The scream of its whistle and the vibrations felt as it chugs down the tracks are unmistakable. This year, Union Pacific’s “Living Legend” steam locomotive No. 844 will return to the rails for three excursions. Read Story
Work on restoring Union Pacific's Big Boy, locomotive No. 4014, has been progressing at a fast and furious pace. The Union Pacific Steam Team began stripping the locomotive in early November, completing the disassembly process in January. Once additional parts are fabricated, No. 4014 will be ready for reassembly.
In the pre-dawn drizzle of an early fall day, commuters in Evanston, Illinois, a suburb just north of Chicago, watch an inbound Metra train pull into the station at precisely 6:13 a.m. They line up where they know doors will most likely open and sort themselves out, some heading to the upper deck for the tree-top view.
Twinkling lights cast a festive glow as wet, fluffy snowflakes – the kind begging to be turned into a snowman – flutter to the ground. Inside, the fire is crackling, glasses are filled with egg nog and children plead to open “just one gift,” as they anticipate Santa’s arrival. It’s a scene often captured in Thomas Kinkade paintings and in countless movies. At the heart of each good old fashioned family celebration is the Christmas tree.
Driving along California's scenic I-5 corridor, there's a good chance you'll see a whole new breed of locomotive pulling heavy freight along Union Pacific's main rail line.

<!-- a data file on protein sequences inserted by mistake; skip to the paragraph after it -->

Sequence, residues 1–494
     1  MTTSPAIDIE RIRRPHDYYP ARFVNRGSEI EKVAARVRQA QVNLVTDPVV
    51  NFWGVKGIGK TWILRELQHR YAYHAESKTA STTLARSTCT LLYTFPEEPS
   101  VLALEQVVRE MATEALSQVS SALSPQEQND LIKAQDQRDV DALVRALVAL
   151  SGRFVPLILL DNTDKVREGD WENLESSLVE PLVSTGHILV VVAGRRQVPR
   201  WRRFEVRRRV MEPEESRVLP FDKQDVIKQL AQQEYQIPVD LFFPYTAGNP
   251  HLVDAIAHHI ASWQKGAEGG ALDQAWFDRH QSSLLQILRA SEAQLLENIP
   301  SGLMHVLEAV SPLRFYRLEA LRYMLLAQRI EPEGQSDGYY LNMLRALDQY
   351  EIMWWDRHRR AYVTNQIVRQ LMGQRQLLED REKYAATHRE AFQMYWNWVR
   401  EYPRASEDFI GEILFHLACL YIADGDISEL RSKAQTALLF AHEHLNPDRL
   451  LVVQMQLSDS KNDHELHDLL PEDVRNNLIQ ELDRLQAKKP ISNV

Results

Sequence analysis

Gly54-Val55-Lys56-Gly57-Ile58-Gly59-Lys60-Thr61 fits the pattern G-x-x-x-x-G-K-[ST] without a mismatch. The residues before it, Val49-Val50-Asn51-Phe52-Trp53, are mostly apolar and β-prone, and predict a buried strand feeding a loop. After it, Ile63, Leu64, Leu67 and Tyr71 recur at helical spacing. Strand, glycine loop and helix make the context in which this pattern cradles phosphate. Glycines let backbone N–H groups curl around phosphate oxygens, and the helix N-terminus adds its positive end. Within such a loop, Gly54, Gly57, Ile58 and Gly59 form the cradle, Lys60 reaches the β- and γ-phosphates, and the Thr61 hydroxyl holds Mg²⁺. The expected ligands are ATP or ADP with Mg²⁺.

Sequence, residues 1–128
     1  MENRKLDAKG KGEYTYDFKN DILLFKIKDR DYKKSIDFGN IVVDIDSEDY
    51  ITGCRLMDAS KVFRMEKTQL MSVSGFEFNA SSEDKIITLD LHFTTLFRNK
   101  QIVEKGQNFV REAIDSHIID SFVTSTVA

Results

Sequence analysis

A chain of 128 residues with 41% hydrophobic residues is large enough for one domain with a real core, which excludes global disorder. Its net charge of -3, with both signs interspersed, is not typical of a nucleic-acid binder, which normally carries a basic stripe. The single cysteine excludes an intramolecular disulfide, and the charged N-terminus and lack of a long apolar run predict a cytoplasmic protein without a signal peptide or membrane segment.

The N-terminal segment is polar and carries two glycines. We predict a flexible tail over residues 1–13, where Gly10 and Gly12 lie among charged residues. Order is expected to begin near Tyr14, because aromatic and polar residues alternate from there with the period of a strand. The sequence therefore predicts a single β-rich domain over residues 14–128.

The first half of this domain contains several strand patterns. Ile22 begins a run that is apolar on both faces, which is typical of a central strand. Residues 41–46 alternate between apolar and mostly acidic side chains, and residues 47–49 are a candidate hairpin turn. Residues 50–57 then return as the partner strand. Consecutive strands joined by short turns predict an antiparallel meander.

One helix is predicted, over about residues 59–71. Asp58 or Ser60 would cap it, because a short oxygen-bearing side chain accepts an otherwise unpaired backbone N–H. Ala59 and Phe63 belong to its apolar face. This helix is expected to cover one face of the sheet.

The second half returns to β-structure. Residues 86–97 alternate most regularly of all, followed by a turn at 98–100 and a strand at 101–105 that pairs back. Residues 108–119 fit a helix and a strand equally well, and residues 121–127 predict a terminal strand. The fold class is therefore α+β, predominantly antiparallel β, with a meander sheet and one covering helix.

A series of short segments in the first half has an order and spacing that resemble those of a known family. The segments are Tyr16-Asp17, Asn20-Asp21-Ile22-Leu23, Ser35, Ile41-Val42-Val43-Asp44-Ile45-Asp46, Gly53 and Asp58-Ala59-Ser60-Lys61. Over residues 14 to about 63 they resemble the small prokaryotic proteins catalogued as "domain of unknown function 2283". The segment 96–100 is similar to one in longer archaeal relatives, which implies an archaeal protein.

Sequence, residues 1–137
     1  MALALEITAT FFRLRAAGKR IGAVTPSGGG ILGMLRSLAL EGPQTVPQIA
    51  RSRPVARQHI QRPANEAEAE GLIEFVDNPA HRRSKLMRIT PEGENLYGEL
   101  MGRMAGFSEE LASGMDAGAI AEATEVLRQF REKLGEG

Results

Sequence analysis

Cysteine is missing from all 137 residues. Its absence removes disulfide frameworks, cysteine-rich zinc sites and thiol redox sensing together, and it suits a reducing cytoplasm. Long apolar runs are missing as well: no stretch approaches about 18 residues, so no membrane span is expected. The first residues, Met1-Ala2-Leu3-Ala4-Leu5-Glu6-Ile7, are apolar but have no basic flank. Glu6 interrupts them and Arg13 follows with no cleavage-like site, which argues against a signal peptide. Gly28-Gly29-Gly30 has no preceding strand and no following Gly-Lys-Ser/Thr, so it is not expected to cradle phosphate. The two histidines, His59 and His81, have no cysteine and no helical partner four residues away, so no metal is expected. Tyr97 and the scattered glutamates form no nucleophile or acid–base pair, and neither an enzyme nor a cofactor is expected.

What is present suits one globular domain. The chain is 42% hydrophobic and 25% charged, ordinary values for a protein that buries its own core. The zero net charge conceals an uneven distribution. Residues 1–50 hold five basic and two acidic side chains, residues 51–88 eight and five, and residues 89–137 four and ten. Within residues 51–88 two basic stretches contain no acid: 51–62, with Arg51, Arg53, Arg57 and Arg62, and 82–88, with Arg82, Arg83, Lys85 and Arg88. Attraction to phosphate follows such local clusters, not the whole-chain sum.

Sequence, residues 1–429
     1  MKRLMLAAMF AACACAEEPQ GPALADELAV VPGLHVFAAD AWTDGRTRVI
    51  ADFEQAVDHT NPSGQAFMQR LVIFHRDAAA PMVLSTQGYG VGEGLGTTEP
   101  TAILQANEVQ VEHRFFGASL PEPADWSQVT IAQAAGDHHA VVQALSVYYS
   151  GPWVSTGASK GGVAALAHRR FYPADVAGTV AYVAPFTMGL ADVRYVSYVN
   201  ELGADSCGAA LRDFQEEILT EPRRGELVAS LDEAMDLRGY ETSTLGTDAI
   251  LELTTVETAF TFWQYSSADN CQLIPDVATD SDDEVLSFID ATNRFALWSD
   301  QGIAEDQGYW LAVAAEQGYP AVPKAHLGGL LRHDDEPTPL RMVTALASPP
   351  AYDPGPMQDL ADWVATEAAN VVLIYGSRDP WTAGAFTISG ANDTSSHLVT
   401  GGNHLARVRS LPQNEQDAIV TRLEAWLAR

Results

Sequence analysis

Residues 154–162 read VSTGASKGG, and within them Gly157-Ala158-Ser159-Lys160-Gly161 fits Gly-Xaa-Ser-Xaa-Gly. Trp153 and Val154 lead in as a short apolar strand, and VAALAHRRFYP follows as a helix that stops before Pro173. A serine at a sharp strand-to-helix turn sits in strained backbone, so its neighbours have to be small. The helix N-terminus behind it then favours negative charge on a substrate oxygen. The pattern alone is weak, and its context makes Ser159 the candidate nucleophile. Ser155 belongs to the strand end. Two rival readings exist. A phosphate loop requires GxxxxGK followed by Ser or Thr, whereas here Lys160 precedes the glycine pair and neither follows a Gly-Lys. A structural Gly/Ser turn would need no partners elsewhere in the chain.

October has been a busy month for the Union Pacific steam team. With ultrasonic testing underway on locomotive No. 4014's boiler, locomotive No. 844's "Trek to Tennessee" also is on the horizon.
Meet Matt Wallace. An avid rock climber and a decent skier, Wallace graduated from Temple University last May with a bachelor's degree in journalism. The 25-year-old go-getter is optimistic about an upcoming job interview. Later this month he's looking forward to moving out of his parents' house to live with a roommate.
Building and maintaining highways, office buildings and schools is a constant cycle; one that is imperative for thriving communities. But many are stone-starved, and quality rock used to make concrete is mined hundreds of miles away. That's where we come in.
Diversity and Inclusion Emphasized at Union Pacific's First Annual Employee Resource Group Conference
Sherrye Hutcherson says her mom used to tell her, "If you have a bunch of people who think alike, all you need is one of them." It's a message she took to heart. When Hutcherson, Union Pacific's vice president - Human Resources, started her railroad career as a corporate auditor 23 years ago, she was one of two African Americans in her audit class.
Of the 32 people who jumped off the Golden Gate Bridge and survived, eight are able to talk about it. Journalists always ask: What went through your mind when you were falling? Dr. Sally Spencer-Thomas, CEO and co-founder of the Carson J. Spencer Foundation, says their answers always reflect a moment of instant clarity.
Tucked away in an inconspicuous corner of Union Pacific’s Omaha headquarters is a set of plain, white metal doors with a small gray sign that reads “LAB.” Behind the doors lies a peek into the railroad’s future.